Bloomberg’s Jonathan Weil has an excellent, tough column on the latest settlement between Citigroup and the SEC, which shows how “Citigroup Finds Obeying the Law Is Too Darn Hard”:

Five times since 2003 the Securities and Exchange Commission has accused Citigroup Inc. (C)’s main broker-dealer subsidiary of securities fraud. On each occasion the company’s SEC settlements have followed a familiar pattern.

Citigroup neither admitted nor denied the SEC’s claims. And the company consented to the entry of either a court injunction or an SEC order barring it from committing the same types of violations again. Those “obey-the-law” directives haven’t meant much. The SEC keeps accusing Citigroup of breaking the same laws over and over, without ever attempting to enforce the prior orders. The SEC’s most recent complaint against Citigroup, filed last month, is no different.

Here’s what makes the SEC’s conduct doubly outrageous: The commission already had two cease-and-desist orders in place against the same Citigroup unit, barring future violations of the same section of the securities laws that the company now stands accused of breaking again. One of those orders came in a 2005 settlement, the other in a 2006 case. The SEC’s complaint last month didn’t mention either order, as if the entire agency suffered from amnesia.

Ouch.

This post at The New York Times Economix blog shows how the price of college tuition is cheaper than most of us assume. You’ve got to look past the sticker price.

Judith Scott-Clayton, who teaches here at Columbia (perhaps I should say “there at Columbia” since I’m in Seattle), posts this chart, which includes government grants and college-based grants:

Average tuition and fees after grants at four-year public colleges is just $2,490 a year, which is less than $100 a credit hour assuming 15 hours of classes per semester.

This growing gap between sticker prices and net prices is not a bad thing; it enables colleges (or states) to price discriminate. Because tuition at most public and nonprofit institutions fails to cover per-student expenditures, keeping published prices low would mean providing a blanket subsidy to all students regardless of need.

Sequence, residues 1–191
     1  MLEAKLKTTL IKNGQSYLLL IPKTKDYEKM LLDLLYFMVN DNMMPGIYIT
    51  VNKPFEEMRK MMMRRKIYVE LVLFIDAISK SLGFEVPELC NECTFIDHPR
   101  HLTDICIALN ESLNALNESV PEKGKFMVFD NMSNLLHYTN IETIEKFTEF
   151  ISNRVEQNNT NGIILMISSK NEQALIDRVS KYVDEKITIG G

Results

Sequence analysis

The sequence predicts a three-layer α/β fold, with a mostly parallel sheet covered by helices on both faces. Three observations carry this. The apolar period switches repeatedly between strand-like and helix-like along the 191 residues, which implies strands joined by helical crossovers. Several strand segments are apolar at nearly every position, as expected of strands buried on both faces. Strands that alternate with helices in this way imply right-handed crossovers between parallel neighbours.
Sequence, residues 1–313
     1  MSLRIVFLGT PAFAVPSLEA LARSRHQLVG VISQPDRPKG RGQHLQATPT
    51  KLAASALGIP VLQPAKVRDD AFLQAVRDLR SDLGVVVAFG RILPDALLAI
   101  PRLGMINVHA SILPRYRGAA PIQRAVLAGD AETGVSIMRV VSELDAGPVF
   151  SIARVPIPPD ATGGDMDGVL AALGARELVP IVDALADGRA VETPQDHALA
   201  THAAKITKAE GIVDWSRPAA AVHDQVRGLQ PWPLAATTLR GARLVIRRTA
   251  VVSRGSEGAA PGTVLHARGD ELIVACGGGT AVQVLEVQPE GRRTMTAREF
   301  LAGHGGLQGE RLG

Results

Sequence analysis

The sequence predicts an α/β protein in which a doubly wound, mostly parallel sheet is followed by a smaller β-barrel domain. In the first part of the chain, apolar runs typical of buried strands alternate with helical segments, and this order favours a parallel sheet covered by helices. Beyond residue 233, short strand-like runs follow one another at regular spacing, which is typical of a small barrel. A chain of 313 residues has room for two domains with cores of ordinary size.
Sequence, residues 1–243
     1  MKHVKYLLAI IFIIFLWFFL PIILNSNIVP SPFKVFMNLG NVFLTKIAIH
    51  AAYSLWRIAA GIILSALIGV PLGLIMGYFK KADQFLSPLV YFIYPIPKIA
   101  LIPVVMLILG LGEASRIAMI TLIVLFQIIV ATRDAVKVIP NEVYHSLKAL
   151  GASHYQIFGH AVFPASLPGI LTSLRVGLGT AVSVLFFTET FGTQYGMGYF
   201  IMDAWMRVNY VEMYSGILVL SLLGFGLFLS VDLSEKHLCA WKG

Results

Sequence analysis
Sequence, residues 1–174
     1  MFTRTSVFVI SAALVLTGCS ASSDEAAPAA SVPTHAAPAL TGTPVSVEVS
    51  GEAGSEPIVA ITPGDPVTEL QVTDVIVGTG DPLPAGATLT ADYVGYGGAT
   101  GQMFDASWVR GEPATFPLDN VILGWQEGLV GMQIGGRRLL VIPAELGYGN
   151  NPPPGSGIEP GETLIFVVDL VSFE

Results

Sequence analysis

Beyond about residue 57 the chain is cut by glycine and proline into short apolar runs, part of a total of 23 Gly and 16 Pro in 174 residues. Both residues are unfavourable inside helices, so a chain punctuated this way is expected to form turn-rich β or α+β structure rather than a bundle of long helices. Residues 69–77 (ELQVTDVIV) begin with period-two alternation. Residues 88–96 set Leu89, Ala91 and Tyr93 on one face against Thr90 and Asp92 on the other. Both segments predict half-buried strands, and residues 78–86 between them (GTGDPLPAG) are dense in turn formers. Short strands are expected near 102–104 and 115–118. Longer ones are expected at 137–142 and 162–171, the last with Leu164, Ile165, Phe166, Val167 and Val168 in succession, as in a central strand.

The trade-off, however, is increased complexity, and often total confusion. Many students and their families consider only published prices when comparing colleges, without taking financial aid into account.

— Murdoch’s Hacking/Police Bribery Scandal spread to The Sun today as its district editor was arrested for corruption.

Unsurprising, but check out this paragraph down in the New York Times’s news story:

Meanwhile, News International announced Friday that it had set up what it called a “speedy, cost-effective alternative to litigation” that would allow phone-hacking victims to apply for swift out-of-court settlements through a company Web site. The purpose of the program, called the Voicemail Interception Compensation Scheme, is to “progress good claims quickly to an award of compensation, not to get bogged down in complex legal arguments and speculative requests for disclosure of documents,” the company says on the site.

News Corp. hacked so many phones, on such an industrial scale, that it has to set up a website for its Voicemail Interception Compensation Scheme, which itself sounds vaguely sinister.

Been hacked? Here you go.


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Ryan Chittum is a former Wall Street Journal reporter, and deputy editor of The Audit, CJR's business section. If you see notable business journalism, give him a heads-up at rc2538@columbia.edu. Follow him on Twitter at @ryanchittum.